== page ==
17 jun. 2011

Returning to Lorca

I love matching up my intelligence with Lorca's very different kind of intelligence. It is a great feeling of give-and-take. I feel like Robert Duncan writing about H.D. I am not saying that I am a brilliant poet-critic like Duncan, of course, but that I feel Lorca elicits a kind of intelligence in myself that I would not have otherwise, challenging me to explore that region between more conventional academic analysis and something harder to express, related to Duncan's "inner nature and process of poetry." I feel that I can bridge this gap just about as well as anyone, precisely because I am suspicious of both rationalist, academic reduction and the anti-intellectual reductions on the other side.

When I took courses at Stanford with a Jungian critic, Al Gelpi, I resisted him every step of the way. I just could not take Jungianism. I still cannot. I am allergic to certain kinds of bullshit and softheadedness. I don't even like mythopoesis. I'd like to say that this is an advantage, even when dealing with poetics that resists the intelligence almost successfully, as Wallace Stevens would say. It is in that almost where I put most of my energy, that space where poetry gives way to an intelligent approach.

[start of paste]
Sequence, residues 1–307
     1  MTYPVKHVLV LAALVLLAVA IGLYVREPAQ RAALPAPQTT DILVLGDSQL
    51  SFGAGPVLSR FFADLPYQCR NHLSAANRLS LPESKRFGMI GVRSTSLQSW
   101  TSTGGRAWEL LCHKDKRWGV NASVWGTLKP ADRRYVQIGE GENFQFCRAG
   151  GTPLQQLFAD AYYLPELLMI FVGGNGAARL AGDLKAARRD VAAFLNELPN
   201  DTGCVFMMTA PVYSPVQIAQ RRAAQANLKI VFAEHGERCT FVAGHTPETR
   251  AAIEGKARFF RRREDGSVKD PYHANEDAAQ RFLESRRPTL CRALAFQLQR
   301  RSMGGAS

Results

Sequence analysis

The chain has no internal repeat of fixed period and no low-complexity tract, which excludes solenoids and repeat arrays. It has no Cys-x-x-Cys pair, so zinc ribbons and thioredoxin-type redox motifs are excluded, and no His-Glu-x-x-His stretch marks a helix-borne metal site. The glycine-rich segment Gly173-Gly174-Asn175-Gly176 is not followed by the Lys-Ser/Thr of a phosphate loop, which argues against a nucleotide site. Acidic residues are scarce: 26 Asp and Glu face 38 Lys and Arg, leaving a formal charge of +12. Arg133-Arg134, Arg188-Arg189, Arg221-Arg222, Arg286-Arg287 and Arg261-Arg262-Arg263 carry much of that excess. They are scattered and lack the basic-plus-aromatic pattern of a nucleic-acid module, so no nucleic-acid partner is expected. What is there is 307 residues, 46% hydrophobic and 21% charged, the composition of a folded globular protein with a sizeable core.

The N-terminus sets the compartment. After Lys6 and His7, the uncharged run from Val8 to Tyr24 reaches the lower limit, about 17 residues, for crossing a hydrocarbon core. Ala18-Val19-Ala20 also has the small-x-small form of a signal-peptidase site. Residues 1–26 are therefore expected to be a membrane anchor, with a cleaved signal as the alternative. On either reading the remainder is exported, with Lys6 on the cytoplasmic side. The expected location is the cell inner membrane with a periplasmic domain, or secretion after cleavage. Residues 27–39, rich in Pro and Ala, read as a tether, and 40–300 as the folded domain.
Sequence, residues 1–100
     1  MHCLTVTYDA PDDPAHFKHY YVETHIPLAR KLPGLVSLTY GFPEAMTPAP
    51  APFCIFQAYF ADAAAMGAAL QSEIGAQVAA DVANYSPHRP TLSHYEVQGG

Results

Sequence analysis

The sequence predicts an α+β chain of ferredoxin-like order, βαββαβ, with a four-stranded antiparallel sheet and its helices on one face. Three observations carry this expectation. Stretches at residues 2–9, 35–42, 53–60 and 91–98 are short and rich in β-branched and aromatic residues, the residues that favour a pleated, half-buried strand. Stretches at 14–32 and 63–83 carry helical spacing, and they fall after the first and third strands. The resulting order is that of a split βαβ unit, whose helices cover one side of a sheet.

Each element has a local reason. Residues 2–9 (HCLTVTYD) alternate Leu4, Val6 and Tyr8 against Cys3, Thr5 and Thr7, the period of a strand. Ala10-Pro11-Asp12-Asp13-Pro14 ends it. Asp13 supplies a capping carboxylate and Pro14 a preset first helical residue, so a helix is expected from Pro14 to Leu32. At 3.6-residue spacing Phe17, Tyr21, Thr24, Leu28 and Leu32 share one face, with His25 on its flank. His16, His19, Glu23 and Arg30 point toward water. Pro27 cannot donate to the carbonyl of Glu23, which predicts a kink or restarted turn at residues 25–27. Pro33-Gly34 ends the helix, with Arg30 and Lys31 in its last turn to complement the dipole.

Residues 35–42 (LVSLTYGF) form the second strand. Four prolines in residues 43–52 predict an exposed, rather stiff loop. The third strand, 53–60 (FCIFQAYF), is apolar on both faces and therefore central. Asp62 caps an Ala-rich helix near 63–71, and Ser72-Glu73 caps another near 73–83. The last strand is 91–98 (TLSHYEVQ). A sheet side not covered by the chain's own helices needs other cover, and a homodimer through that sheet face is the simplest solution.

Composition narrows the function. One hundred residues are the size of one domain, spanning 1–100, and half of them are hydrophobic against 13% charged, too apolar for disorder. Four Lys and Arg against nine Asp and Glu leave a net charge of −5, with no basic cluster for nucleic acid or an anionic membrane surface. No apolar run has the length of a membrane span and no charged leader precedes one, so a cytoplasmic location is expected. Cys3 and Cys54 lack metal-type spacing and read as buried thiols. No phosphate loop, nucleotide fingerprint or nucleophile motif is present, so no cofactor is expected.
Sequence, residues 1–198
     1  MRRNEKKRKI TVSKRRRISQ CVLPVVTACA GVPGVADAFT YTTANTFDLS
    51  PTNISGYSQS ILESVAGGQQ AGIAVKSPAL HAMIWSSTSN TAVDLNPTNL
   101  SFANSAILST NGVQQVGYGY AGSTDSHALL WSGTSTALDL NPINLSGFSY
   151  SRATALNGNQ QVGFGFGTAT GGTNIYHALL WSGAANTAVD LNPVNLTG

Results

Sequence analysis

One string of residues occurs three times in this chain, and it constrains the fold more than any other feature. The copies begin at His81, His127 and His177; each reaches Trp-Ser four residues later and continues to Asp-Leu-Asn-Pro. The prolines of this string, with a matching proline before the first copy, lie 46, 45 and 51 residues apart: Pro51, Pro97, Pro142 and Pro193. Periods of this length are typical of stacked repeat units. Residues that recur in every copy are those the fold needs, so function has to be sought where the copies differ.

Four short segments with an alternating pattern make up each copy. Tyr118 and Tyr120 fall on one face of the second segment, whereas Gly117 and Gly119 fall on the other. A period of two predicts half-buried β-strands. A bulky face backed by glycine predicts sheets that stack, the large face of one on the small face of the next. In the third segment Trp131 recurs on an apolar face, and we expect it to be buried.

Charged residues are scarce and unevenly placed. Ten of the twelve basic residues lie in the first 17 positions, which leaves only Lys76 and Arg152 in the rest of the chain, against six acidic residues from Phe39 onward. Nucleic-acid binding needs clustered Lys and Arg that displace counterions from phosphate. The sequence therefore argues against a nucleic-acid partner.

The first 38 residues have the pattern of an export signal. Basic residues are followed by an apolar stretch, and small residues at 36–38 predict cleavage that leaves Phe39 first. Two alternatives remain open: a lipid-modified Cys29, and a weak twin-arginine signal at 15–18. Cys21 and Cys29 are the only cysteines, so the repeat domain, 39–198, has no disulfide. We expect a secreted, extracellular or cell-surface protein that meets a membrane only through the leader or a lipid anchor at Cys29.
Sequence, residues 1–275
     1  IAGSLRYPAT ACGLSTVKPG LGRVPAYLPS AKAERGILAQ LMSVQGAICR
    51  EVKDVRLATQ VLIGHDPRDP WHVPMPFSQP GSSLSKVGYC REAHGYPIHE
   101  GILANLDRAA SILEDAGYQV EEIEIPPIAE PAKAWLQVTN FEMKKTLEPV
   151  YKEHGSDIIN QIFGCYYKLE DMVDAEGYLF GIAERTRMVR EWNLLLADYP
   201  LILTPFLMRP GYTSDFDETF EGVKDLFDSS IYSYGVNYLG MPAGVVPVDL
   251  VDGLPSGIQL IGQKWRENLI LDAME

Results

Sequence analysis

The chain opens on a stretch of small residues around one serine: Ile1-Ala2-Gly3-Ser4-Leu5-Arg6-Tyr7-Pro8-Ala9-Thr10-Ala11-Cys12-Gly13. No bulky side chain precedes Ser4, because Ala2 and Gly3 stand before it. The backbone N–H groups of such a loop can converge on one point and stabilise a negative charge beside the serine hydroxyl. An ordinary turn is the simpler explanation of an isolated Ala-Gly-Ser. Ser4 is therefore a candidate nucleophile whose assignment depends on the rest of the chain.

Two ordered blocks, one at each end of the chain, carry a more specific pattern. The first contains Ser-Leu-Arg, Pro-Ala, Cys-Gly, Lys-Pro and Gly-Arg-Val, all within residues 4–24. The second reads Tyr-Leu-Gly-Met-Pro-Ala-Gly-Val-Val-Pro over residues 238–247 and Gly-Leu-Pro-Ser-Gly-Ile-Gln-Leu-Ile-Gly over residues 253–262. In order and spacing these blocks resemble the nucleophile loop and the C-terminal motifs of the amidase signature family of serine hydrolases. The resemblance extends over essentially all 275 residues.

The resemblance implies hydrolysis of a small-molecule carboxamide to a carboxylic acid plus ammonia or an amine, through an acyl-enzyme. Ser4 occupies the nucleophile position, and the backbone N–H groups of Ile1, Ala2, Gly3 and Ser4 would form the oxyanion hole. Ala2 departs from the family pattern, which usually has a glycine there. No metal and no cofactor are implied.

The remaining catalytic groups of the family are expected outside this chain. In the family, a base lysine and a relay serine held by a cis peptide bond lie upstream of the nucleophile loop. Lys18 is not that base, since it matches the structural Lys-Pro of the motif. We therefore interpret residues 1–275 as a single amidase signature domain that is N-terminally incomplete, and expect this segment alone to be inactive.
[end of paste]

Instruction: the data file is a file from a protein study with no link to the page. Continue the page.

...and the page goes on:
3 comentarios:

Andrew Shields dijo...

I don't think I resisted Al's Jungian thing; I just kind of ignored it. But I was an undergrad, so it might have been easier.

Jonathan dijo...

My friend Bob had serious conflicts with Gelpi. I got along fine with him for the most part. I think he liked me ok.

Andrew Shields dijo...

I bet he's read your Lorca book. Felstiner probably has too. But then everybody should (including me ...).